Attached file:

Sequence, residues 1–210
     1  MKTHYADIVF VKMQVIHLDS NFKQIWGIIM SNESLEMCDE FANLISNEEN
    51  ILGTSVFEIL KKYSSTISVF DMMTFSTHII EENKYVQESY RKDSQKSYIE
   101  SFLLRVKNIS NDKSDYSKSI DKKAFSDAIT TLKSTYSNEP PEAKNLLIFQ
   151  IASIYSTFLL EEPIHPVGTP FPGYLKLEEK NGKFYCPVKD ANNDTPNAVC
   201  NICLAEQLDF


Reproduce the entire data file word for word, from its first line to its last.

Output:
Sequence, residues 1–210
     1  MKTHYADIVF VKMQVIHLDS NFKQIWGIIM SNESLEMCDE FANLISNEEN
    51  ILGTSVFEIL KKYSSTISVF DMMTFSTHII EENKYVQESY RKDSQKSYIE
   101  SFLLRVKNIS NDKSDYSKSI DKKAFSDAIT TLKSTYSNEP PEAKNLLIFQ
   151  IASIYSTFLL EEPIHPVGTP FPGYLKLEEK NGKFYCPVKD ANNDTPNAVC
   201  NICLAEQLDF